Besides the scarlet-flowering Pelargoniums, the white-flowering ones, like Madame Vaucher, as well as the sweet-scented kinds for the perfume the leaves yield, are also very desirable. The flowers of the scarlet and yellow Nasturtiums last a long time in the wet sand. Verbenas make a nice change in their season, and especially Roses; the flowers of these should be cut young in the morning, when the dew is on them.
Such stands as these are never complete without light-green foliage of some sort or other, such as the different kinds of ornamental grasses in their season, and the tops of some of the meadow-grasses in the autumn. In the same way sprigs of Asparagus from the kitchen-garden are very useful; so is the foliage of Tamarix Gallica, a hardy deciduous shrub; also Humea elegans, and suchlike. Variegated plants work in well; the Iresine with its handsome mottled red leaves keeps well in the sand, so do Coleuses and variegated Pelargoniums; of the latter, such as Mrs Pollock, and the white Ivy-leaved kind l'Elegante. Then there are blooms of Gladioli, Asters, Chrysanthemums, and many others, with stiff stalks to support them. In a general way, many of the flowers will last only one day; and I change the whole of them three or four times a-week, but make a rule of looking the stands over every other morning. The sand should not be so saturated as that the flower-stems will not stand erect in it, or they are apt to fall out when the stands are removed from the table.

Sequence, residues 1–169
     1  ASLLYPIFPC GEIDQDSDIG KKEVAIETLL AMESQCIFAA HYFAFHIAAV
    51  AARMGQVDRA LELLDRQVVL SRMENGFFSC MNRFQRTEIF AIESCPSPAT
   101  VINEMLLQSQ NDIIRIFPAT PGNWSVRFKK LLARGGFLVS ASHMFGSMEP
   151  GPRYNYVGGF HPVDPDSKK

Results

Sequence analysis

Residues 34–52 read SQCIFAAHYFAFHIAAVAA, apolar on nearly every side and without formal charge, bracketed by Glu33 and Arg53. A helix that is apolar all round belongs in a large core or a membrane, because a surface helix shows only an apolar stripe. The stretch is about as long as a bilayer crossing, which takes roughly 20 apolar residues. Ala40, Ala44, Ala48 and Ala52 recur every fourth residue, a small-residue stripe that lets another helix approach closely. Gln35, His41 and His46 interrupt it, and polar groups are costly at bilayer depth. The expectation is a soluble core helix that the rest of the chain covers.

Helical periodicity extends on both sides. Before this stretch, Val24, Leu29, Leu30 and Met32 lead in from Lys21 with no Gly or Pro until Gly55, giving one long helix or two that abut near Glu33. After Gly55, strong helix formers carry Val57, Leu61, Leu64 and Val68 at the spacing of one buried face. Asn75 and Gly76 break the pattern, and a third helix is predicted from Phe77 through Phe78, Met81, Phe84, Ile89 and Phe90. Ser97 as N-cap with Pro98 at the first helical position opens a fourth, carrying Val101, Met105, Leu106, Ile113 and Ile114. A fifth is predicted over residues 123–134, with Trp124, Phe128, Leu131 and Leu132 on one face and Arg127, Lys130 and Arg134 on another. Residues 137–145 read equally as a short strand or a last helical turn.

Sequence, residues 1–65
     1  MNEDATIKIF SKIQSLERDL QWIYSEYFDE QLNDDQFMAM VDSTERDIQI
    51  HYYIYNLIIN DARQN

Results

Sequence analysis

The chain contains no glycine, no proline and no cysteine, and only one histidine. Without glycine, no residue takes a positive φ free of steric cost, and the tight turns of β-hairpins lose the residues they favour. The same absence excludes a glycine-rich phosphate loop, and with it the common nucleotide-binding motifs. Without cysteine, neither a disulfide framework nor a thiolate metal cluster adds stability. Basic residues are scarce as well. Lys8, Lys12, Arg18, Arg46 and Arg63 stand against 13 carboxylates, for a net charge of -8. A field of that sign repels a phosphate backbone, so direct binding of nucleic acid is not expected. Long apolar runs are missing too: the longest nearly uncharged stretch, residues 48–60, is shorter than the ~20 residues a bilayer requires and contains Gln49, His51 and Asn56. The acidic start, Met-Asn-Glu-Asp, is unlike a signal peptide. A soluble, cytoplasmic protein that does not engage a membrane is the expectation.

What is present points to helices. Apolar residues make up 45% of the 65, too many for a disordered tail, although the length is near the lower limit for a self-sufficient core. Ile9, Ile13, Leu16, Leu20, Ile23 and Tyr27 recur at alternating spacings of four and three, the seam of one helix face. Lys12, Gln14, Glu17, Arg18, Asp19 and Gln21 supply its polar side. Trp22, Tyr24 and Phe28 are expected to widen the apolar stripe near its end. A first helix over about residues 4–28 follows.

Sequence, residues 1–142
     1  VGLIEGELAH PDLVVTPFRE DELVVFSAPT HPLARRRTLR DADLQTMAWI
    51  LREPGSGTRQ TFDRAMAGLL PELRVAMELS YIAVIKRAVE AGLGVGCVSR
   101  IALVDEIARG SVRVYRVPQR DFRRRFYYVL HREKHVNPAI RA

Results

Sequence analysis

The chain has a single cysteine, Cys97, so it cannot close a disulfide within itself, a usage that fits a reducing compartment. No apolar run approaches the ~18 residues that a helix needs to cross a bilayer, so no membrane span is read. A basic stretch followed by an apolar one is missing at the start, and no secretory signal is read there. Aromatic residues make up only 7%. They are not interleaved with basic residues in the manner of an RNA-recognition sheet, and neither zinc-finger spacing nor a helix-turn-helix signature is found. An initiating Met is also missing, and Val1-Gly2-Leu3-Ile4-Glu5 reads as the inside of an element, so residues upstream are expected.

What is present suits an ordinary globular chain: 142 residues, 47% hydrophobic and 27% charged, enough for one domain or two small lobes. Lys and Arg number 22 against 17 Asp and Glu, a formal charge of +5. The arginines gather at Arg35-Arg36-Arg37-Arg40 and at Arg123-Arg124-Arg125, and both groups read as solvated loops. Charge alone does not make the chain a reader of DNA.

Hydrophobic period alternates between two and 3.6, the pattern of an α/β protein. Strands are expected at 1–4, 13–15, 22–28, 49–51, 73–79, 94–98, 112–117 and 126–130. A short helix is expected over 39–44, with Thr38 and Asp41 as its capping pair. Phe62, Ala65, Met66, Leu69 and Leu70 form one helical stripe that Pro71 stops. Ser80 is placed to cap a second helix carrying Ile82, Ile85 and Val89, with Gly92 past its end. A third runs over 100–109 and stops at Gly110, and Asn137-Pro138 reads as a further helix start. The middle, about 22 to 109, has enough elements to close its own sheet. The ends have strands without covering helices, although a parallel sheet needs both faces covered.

William Plester. Elsenham Hall Gardens.